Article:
When I started my research about running, I wanted to find an answer does why running bring such a high impact throughout the body? To this date, I couldn’t find any research and analysis to address this issue and provide scientifically sound answers. When I was running in a conventional way I felt that my legs are under constant pressure of the body weight.

Movement can be described as changing positions with proper weight shift. It is not widely understood that it is necessary to shift the center of body weight as opposed to moving the entire body. In a vertical position, the center of body weight is located in the pelvis region below the navel. Shifting the center of body weight is associated with the ability to use pelvis and hip joints along with gluteal and abdominal muscles as primary movers.

My study of functional anatomy made an unexpected discovery that human body is anatomically built to shift the center of body weight. Therefore, the goal is to identify the links of the functional movement for running and how they function with each other as opposed to using your “own science” how to move the body.

Also, a lack knowledge of functional movement efficiency will reduce significantly the ability to move properly in any sport, physical activity and daily life.

This means that attributing the loss of movement to aging exclusively is a misconception. In addition, if the movement does not include pelvis, hip joints, and gluteal muscles it will cause significant dysfunction throughout the body. It goes without saying that we need to learn how to walk before starting to run.

Running is an advanced form of functional movement and demands properly coordinated actions of the multiple joints and muscles at a higher speed. If the walking gait is not efficient, jogging and running will put a multitude of tears and strains on the entire body.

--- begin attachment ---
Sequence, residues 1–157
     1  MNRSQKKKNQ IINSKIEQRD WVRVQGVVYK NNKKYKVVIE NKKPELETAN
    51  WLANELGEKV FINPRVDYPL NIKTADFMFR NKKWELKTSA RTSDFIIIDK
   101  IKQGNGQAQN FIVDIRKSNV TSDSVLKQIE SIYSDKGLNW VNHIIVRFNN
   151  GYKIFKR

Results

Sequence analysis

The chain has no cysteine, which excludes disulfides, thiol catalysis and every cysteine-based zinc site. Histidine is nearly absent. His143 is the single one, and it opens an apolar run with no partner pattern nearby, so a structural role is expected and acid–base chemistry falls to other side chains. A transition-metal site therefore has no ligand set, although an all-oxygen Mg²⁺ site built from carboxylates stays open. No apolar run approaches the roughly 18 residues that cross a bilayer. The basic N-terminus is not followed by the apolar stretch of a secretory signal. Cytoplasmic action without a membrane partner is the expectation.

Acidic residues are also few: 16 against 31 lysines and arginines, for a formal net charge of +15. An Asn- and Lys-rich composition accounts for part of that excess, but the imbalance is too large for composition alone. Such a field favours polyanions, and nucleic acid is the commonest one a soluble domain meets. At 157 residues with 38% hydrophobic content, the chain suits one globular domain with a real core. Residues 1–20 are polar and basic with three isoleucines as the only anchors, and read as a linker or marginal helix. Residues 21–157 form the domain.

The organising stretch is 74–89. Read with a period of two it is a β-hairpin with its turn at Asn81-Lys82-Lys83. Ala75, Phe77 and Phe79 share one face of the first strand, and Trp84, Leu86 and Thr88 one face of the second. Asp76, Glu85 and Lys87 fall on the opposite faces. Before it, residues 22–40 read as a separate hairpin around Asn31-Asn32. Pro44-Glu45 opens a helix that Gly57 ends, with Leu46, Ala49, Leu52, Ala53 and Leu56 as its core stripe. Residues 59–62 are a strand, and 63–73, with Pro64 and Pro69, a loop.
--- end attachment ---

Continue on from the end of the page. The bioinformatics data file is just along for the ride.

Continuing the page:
Training Approach

In order to provide a proper transition from walking to running I recommend to divide training into three phases: 1) speed and race walking, 2) jogging and 3) running. When you become efficient in speed and race walking, you can start transitioning to jogging and running. Also, you don’t have to run or jog because efficient race walking can produce a sufficient vigorous intensity and build aerobic stamina.

Applying the scientific principles of functional anatomy, the running and walking stride should include the three basic components: 1) single-side balance, 2) forward/back lunge and 3) split squat. These movement figures need to be performed in a particular sequence with a neuromuscular precision and the training should start with practicing the single-side balance.

If you can keep when one-side of the body in airborne position by shifting the center of body weight and hold the entire opposite side (from the neck to the feet) airborne without excessive tension.

Once you learn how to keep a half-body or one-side of the body balanced you can move to working on the forward/back lunge and split squat. If you cannot hold the one-side of the body balanced in the airborne position it will prevent you from executing properly the forward/back lunge and split squat.